Tag Archives: strict liability

Revenge and road danger

Almost all cycling campaigners agree that a cycling society — “mass cycling” — would be desirable. The world would be a better, happier, healthier, wealthier place, and our towns and cities nicer places to live, if far more people cycled and far more of our journeys were made by bicycle.  And there is little controversy left about the barriers to cycling and the fact that fear of traffic and hostile conditions for cycling are the biggest and most impenetrable barriers to cycling in this country.  Large volumes of fast moving and dangerously driven motor vehicles create an environment in which most people never cycle.  This is old ground I shouldn’t need to go over again.

The big disagreement is how we break down that barrier. One set of campaigners want to separate the large volumes of fast moving motor vehicles from cyclists.  The other thinks that there is a better way: separation is unnecessary and perhaps even undesirable.  Their alternative is to tame to motorcar.  They would teach drivers how to overtake properly, how not to park in dangerous places, and how not to drive a tipper truck all the way into the advanced stop box while preparing for the left turn at the change of the lights.  And if they demonstrate that they can’t be taught, ban em and bang em up.  Teach drivers to play nice and the barrier to cycling will tumble, the argument goes.

As a typical cycling forum poster puts it:

I don’t even know why the councils in this country bother with cycle lanes. The money would be better spent educating idiots on the road on how terrifying them driving 6 inches from us at 50mph is.

It’s a response to the road danger problem that I have every sympathy with.  Every time somebody passes within touching distance I want to reach out and touch, and cause damage or inspire a little of the fear and discomfort in return.  I usually can’t watch helmet cam footage: I know that something bad is going to happen and that somebody is going to get away never accepting that what they did was wrong.  I desperately want them to know just what a fucking terrible thing they did.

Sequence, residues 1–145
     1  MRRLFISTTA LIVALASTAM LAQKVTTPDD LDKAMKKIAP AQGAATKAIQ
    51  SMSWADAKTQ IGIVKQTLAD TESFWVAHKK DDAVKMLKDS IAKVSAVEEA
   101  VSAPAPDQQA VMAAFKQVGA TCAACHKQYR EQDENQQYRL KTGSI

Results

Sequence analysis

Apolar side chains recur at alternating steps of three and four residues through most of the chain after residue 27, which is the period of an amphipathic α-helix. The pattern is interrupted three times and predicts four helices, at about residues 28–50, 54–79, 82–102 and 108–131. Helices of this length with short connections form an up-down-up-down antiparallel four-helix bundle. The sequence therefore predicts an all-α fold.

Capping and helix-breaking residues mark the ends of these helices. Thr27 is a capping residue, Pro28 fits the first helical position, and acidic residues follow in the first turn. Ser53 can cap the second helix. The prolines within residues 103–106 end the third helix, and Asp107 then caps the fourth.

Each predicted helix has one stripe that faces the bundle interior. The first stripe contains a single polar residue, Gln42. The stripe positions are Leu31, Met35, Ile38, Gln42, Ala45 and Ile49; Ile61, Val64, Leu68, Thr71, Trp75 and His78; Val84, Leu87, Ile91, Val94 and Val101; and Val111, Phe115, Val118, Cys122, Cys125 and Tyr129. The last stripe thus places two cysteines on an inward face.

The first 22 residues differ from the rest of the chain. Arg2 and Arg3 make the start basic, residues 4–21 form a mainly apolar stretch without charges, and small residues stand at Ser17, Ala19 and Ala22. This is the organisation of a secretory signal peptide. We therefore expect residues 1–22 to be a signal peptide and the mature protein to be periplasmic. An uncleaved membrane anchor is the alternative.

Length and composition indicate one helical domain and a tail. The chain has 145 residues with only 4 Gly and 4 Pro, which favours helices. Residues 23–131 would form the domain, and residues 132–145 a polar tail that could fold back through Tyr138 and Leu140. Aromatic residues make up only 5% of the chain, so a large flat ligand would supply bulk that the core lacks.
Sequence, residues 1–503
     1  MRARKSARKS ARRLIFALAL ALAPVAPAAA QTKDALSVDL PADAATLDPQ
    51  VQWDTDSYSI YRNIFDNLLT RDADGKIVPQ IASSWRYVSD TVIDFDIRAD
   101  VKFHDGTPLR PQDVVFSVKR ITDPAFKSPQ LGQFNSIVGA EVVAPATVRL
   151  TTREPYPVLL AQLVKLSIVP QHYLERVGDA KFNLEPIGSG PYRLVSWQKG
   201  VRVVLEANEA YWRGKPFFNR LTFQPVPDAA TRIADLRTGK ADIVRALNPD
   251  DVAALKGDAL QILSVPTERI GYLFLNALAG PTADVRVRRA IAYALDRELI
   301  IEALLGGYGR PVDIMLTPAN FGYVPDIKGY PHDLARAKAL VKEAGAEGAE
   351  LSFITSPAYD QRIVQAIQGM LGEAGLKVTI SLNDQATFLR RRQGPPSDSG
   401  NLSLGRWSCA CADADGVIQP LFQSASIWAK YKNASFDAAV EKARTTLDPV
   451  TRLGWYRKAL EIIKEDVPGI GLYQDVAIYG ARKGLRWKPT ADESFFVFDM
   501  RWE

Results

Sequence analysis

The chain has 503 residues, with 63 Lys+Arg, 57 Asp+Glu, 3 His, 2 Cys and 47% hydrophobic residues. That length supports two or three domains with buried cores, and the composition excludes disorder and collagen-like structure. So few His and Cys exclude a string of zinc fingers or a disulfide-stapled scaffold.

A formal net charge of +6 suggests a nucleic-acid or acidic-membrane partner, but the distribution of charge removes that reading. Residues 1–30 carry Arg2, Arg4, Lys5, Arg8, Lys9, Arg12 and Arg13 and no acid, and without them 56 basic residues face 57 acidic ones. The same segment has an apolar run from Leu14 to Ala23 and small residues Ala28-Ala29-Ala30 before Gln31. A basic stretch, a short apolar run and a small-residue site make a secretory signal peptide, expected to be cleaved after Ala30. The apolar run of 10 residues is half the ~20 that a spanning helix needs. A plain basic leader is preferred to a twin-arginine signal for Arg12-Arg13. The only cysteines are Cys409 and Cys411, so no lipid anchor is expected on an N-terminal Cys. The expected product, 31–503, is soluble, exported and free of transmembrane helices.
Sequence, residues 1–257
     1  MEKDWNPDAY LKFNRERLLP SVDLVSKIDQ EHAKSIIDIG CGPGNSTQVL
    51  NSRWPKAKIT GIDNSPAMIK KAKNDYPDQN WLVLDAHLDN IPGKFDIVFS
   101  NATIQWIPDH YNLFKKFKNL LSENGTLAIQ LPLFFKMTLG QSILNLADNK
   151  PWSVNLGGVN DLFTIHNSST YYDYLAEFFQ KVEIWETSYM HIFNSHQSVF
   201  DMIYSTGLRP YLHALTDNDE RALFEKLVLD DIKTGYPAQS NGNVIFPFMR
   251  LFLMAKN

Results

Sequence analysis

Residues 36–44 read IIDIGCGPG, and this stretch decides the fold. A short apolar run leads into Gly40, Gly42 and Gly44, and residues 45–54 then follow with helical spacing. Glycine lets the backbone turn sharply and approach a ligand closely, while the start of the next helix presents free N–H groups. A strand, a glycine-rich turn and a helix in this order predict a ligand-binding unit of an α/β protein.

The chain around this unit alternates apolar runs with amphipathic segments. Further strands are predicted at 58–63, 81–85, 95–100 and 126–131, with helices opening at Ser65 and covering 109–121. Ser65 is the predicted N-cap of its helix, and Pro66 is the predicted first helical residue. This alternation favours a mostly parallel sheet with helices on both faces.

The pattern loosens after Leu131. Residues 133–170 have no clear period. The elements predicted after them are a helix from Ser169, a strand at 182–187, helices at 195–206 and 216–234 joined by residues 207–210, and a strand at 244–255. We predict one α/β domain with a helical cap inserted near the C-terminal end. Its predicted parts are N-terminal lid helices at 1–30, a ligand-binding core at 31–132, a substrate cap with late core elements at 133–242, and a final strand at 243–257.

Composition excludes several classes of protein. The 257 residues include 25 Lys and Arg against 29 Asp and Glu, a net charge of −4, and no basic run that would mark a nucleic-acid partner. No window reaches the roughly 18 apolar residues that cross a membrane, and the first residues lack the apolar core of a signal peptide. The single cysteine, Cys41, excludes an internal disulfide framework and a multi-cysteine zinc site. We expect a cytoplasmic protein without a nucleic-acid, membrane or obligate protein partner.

The world in which tame motor cars roam the streets is a world in which every evil, selfish, or simply ignorant motorist has been made to realise that they have done wrong and made to feel shame and remorse for all those times they nearly took a life.  It’s a world in which we get our revenge on all those individuals who wronged us.

The problem is that road danger isn’t really all about individuals.  Ian Roberts describes this peculiar way of thinking about road danger in The Energy Glut: our focus on individual “accidents” and the individual who is to blame.  The pedestrian who jaywalked, the drunk driver, the person who made The Bad Judgment to cause it all.  And when it costs a life, we want revenge for That Bad Judgment.  This is how we think in the “road safety” paradigm: something went wrong, and we can educate, engineer, or enforce that out.  The Human Being and the Motor Car are perfectly able to peacefully coexist, it’s just that idiot needs dealing with.